Swine diets range in fiber from 0 percent neutral detergent fiber (NDF) for the milk the piglet consumes, through 5 to 10 percent NDF for nursery diets and 10 to 15 percent NDF for grower diets, to 20 to 30 percent for a high-fiber gestation ration. Fiber typically is increased as the animal ages because aging is associated with an increase in bacterial activity in the large (and possibly small) intestine, thus allowing the animal to better utilize high-fiber diets.
Typical corn-soybean meal diets used in grow-finish contain around 10 percent NDF. Inclusion of barley (18% NDF), canola meal (21% NDF), Bermuda grass (71% NDF), or industrial byproducts such as distillers grain (40% NDF) and wheat midds (36% NDF), can substantially increase the fiber content of the feed. Lower fiber ingredients are less common: bakery byproducts (2% NDF), potato protein concentrate (2% NDF), and degermed, dehulled corn (3% NDF).
Studies have shown that for every 1 percent of extra fiber that is added to the diet, the digestibility of protein, energy, and dry matter decreases by at least 1 percent. A recent study at North Carolina State University has shown that by formulating pig feed so that it is low in fiber (5.5% NDF), waste production can be reduced by 35 percent compared to a regular corn-soybean meal diet (10% NDF) and by 58 percent compared to a diet supplemented with 20 percent soybean hulls (18% NDF). All these diets were formulated on a least-cost basis, and although the low-fiber diet was 3 percent more expensive than the corn-soybean meal diet, the differences were small, especially since the low-fiber diet was more digestible (92% vs. 88%).
Data on the impact of fiber on odor are not readily available, and information in the studies that are available is contradictory, probably because researchers looked at different responses to fiber. Results from NC State University show that manure from low-fiber diets was perceived as the least odorous. However, manure from pigs fed a poorly fermentable high-fiber diet also was not very odorous. Still, farm data from Denmark suggest that high-fiber diets will increase odor emission.
Dutch researchers have been touting high-fiber diets as a means of reducing ammonia emission, and their data (based on lab experiments) show reductions in ammonia emission when fiber is increased. The mechanism behind this is that when fiber is increased, bacterial activity in the large intestine increases, and these bacteria will accrete protein in a stable form rather than allowing it to be excreted in the form of unstable urea. Findings from our laboratory confirm that adding fiber results in a shift in nitrogen excretion from urine to feces, and theoretically, this should result in a reduction in ammonia emission.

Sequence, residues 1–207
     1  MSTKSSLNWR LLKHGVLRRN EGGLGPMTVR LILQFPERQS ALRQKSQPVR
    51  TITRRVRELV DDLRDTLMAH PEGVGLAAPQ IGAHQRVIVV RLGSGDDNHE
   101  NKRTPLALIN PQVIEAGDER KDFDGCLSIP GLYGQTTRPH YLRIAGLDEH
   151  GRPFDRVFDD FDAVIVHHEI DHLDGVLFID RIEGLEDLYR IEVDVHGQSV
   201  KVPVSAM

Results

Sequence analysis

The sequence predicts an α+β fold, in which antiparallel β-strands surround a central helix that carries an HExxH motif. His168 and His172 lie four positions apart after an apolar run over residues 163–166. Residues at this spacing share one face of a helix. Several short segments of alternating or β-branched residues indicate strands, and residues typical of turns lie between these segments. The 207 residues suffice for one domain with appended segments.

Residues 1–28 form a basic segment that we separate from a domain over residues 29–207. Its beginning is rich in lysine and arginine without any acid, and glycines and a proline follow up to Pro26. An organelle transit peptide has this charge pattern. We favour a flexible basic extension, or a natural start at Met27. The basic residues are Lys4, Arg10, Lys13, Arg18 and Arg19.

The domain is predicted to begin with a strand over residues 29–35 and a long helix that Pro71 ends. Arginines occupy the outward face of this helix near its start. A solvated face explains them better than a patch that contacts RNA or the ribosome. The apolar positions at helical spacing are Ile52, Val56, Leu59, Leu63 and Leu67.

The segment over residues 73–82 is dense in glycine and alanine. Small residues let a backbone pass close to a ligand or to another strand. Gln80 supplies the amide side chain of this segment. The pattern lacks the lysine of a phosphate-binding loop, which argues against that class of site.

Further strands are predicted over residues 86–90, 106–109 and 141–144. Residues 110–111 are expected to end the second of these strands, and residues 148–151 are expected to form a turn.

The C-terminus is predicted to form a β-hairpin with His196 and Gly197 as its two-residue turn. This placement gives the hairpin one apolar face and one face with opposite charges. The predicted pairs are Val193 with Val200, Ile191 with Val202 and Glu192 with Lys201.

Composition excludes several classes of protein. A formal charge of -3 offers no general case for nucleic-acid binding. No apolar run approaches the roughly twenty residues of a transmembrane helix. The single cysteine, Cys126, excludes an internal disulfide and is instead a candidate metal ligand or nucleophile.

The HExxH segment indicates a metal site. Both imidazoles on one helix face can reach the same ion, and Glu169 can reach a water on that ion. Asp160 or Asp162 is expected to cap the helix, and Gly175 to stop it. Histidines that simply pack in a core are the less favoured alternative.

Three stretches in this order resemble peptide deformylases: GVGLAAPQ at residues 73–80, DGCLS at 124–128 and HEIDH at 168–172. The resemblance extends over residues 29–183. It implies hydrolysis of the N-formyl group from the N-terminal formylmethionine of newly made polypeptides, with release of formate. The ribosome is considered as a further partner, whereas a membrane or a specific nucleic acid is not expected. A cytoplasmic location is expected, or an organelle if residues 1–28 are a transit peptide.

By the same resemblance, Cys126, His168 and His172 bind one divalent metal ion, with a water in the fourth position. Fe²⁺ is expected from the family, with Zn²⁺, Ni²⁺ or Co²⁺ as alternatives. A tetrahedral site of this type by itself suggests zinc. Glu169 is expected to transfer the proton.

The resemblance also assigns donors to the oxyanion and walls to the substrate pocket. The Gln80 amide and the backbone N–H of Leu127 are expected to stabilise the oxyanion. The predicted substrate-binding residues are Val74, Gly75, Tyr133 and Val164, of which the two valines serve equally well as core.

Danish research carried out under field conditions also confirms this shift in nitrogen excretion. But as feces containing fiber are more "sticky," the researchers observed that pen
fouling was more of a problem. Further, because pen fouling increases ammonia emission, no net reduction in ammonia emission was observed. Indeed, feces from the trial with three different levels of fiber contained 30 percent dry matter for pigs on the high-fiber diets, with these feces having a sticky, clay-like consistency, while feces from pigs on the low-fiber diet had 40 percent dry matter and a crumbly consistency.
High-fiber ingredients are sometimes hard to avoid, especially since they are cheap. Enzyme companies, however, are working to develop supplements that can break down fibers in the small intestine of the pig, thus preventing some of the negative effects of fiber. Work with Xylanase in our lab has shown an improvement of approximately 2 percent in energy, dry matter, and protein digestibility in a variety of high-fiber diets, at which level of improvement enzymes are economical to add to swine diets. Although a 2 percent increase in digestibility sounds minor from an environmental standpoint, looking at the effect on the indigestible fraction shows that it can have some nice benefits. For example, a typical corn-soybean meal diet has a digestibility of 88 percent. Improving this to 90 percent would reduce waste from 12 percent of feed intake to 10 percent, which is an absolute reduction of 17 percent.